Immunotherapy for head and neck cancer

Immune checkpoint therapy, specifically PD-1 pathway blockade, improves survival in patients with metastatic squamous cell carcinoma of the head and neck (SCCHN) [35]. However, PD-1 monotherapy in SCCHN seems associated with relatively lower ORRs compared with other indications, such as NSCLC or melanoma, and many patients fail to respond. Cetuximab, an IgG1 isotype, is a standard of care treatment for locally advanced and recurrent and/or metastatic SCCHN. In addition to EGFR inhibition, cetuximab mediates clinically relevant antibody-dependent cell-mediated cytotoxicity (ADCC) and other immune activity in the intratumoural space [36]. Cetuximab can prime the immune system for checkpoint inhibitor therapy by recruiting cytotoxic cell effectors of both the innate and adaptive immune systems to the tumour [36]. However, associated negative feedback loops lead to immune checkpoint-mediated immunosuppression. Therefore, co-targeting of these immunosuppressive processes has the potential to improve patient outcomes, given the potential synergy between the different mechanisms of action of cetuximab and immunotherapy.

In the CheckMate-141 study, nivolumab resulted in significantly prolonged OS versus investigators’ choice of therapy (methotrexate, docetaxel, or cetuximab) in patients with platinum-refractory SCCHN. Nivolumab improved OS versus investigators’ choice regardless of prior cetuximab, although improvement was greater in patients without previous cetuximab treatment [37]. This may relate to cross-presentation of tumour antigens by DCs to T cells.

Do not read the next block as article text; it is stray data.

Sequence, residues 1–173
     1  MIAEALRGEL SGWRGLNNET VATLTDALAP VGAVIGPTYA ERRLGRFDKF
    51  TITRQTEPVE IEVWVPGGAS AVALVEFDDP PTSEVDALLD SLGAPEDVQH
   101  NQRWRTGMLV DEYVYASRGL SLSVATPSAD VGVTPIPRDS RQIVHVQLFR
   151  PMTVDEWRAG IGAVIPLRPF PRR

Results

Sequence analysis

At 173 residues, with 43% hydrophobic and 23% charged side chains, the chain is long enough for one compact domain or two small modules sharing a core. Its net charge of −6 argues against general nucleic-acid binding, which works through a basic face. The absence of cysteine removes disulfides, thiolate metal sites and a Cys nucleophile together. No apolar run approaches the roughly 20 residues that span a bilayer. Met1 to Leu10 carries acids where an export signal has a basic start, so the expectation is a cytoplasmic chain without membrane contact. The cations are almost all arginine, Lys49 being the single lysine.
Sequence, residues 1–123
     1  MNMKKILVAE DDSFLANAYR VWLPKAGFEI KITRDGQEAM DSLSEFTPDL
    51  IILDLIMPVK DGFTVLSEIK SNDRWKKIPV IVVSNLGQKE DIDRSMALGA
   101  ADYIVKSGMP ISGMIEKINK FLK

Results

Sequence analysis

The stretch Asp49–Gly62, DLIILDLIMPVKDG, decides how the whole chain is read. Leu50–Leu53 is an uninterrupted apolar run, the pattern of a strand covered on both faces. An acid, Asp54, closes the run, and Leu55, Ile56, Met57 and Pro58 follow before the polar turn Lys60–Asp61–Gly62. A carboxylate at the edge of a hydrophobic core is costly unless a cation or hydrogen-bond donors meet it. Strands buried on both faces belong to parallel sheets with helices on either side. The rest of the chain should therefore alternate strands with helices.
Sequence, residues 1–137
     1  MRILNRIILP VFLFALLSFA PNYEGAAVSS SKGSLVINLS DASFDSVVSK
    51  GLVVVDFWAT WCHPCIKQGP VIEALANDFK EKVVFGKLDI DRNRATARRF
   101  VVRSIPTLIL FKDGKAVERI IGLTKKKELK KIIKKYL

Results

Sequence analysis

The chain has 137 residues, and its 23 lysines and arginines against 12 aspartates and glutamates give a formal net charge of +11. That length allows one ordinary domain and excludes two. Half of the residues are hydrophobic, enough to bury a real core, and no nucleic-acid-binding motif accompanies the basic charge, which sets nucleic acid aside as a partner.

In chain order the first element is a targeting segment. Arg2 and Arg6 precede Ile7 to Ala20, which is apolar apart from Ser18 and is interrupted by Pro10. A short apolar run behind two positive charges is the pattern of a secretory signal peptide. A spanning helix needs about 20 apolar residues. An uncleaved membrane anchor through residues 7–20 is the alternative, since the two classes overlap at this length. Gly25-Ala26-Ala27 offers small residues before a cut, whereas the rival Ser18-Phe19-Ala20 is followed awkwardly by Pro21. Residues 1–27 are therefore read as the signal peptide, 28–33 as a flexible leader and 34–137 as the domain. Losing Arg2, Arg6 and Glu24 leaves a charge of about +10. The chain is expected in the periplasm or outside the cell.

Several other trials of cetuximab and immune checkpoint inhibition combination therapy in SCCHN are ongoing. Cetuximab-mediated immune action drives crosstalk with a variety of immune cell types and processes, and therefore it holds the potential for combination with other immunotherapy agents, including motolimod, a TLR-8 agonist.

Contrasts between immunotherapy for renal carcinoma and melanoma